The Withdrawn

The high school dropout rate in the United States is about 7%; that is, seven in 100 Americans age 16 to 24 are neither enrolled in high school nor have a high school diploma. The economic perils that high school dropouts suffer is significant: per PBS, about 30% of dropouts live in poverty, for example.

In Japan, the dropout rate is lower — culturally, the shame of not continuing with one’s education makes it less likely for someone to go that route. However, it still happens. And when it does, the effect can be even worse. Many don’t just withdraw from school — they also withdraw from society.

In the 1990s, Tamaki Saito — who the BBC described as a “newly qualified psychiatrist” at the time — found his services requested by a surprising number of parents with the same story: their children had all dropped out of school and had fallen into a state of isolation. These adolescents had locked themselves in their room for weeks if not months or even years, their only outside interaction coming via the computer screen, and often only emerging to eat. The kids — typically boys from middle-class families — were “paralyzed by profound social fears,” per the BBC. As Saito explained, “They are tormented in the mind. They want to go out in the world, they want to make friends or lovers, but they can’t.”

Since then, many Japanese researchers have studied this shut-in affliction. There’s even a term for this phenomenon of extreme reclusion: “hikikomori.” Per Wikipedia, it literally translates to “pulling inward” or “being confined.” Saito defines hikikomori as “a state that has become a problem by the late twenties, that involves cooping oneself up in one’s own home and not participating in society for six months or longer, but that does not seem to have another psychological problem as its principal source.” While some of the afflicted with hikikomori have autism spectrum disorders, that’s the minority; for most, hikikomori is the primary problem, likely caused by a traumatic event or series of events which make hiding from society seem like a good idea.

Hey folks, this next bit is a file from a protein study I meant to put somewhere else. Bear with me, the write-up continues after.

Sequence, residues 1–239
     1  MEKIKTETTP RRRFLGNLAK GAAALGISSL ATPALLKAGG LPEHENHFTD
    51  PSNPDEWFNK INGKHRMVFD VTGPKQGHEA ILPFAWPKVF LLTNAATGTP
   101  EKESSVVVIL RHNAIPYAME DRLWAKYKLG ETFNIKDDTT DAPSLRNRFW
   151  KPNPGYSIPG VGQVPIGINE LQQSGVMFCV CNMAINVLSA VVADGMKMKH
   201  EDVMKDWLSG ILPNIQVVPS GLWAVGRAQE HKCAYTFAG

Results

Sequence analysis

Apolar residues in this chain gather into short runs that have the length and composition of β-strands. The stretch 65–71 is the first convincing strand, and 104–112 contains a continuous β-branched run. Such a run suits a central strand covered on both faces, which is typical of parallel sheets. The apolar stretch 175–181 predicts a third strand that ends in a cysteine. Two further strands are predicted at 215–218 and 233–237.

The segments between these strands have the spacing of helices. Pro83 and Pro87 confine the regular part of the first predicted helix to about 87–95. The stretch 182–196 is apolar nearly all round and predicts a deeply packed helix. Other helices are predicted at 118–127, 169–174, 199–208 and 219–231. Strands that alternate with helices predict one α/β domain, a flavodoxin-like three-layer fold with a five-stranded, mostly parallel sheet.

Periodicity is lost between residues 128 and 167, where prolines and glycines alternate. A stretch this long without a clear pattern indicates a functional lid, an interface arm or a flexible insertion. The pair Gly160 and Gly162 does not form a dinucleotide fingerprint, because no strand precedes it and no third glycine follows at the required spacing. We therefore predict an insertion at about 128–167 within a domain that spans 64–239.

Despite the extreme-sounding diagnosis, hikikomori is shockingly pervasive. Per the New York Times, “conservative estimates” place the population of withdrawn people at between 100,000 and 320,000. More aggressive estimates conclude that there are as many as one million hikikomori sufferers in Japan — which is nearly 1% of the population. The Japanese Times shares even worse numbers — 700,000 people on the low end, 1.5 million on the high end. And the number is growing because, as the New York Times further notes, “as a hikikomori ages, the odds that he’ll re-enter the world decline.” It’s easier to withdraw than it is to rejoin society.

But there is hope for even long-term shut-ins. In 2015, ABC News (Australia) profiled an 18-year-old named Yuto Onishi, who for three years stayed in his room, “slept during the day and lived at night, trawling the internet and reading manga.” He “refused all contact with friends and family, sneaking out only in the dead of night to eat.” But an intervention, focused on counseling which involves the entire family, seems to have worked.  As of that article’s writing, “Yuto has been out of his room for six months.”

Bonus FactAccording to PBS (scroll down to the bottom), 75% of crimes in the U.S. are committed by high school dropouts.

From the Archives: The Oldest Man in Tokyo: He was the oldest man there alive, except for one little problem.

Take the Quiz: Can you name the country (Japan, Jamaica, or Jordan) given the clue?

Related: “Hikikomori: Adolescence without End” by Tamaki Saito. Six reviews, averaging four stars, but that average gets pulled down by this one-star review which should be ignored — the reviewer erroneously thought that the other listed author, Jeffrey Angles, who does not have a background in psychology, had written the book. In fact, Angles was merely the translator.